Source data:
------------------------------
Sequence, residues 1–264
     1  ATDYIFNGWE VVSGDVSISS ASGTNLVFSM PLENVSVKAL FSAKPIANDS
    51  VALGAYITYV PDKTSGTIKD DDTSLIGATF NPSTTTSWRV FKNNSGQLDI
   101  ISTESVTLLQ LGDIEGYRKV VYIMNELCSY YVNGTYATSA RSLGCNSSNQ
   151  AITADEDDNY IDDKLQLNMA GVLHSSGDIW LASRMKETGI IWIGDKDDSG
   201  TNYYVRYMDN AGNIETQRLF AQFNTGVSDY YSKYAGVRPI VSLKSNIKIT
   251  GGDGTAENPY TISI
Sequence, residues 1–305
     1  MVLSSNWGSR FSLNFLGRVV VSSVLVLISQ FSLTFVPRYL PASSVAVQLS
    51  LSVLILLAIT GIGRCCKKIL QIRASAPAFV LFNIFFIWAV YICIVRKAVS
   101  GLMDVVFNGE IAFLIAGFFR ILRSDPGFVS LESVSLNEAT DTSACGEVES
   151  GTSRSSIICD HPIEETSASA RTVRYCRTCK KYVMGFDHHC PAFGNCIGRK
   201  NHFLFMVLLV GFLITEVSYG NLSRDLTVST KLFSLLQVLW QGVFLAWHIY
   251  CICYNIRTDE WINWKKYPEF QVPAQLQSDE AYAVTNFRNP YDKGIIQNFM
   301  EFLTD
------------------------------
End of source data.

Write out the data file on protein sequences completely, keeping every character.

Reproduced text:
Sequence, residues 1–264
     1  ATDYIFNGWE VVSGDVSISS ASGTNLVFSM PLENVSVKAL FSAKPIANDS
    51  VALGAYITYV PDKTSGTIKD DDTSLIGATF NPSTTTSWRV FKNNSGQLDI
   101  ISTESVTLLQ LGDIEGYRKV VYIMNELCSY YVNGTYATSA RSLGCNSSNQ
   151  AITADEDDNY IDDKLQLNMA GVLHSSGDIW LASRMKETGI IWIGDKDDSG
   201  TNYYVRYMDN AGNIETQRLF AQFNTGVSDY YSKYAGVRPI VSLKSNIKIT
   251  GGDGTAENPY TISI
Sequence, residues 1–305
     1  MVLSSNWGSR FSLNFLGRVV VSSVLVLISQ FSLTFVPRYL PASSVAVQLS
    51  LSVLILLAIT GIGRCCKKIL QIRASAPAFV LFNIFFIWAV YICIVRKAVS
   101  GLMDVVFNGE IAFLIAGFFR ILRSDPGFVS LESVSLNEAT DTSACGEVES
   151  GTSRSSIICD HPIEETSASA RTVRYCRTCK KYVMGFDHHC PAFGNCIGRK
   201  NHFLFMVLLV GFLITEVSYG NLSRDLTVST KLFSLLQVLW QGVFLAWHIY
   251  CICYNIRTDE WINWKKYPEF QVPAQLQSDE AYAVTNFRNP YDKGIIQNFM
   301  EFLTD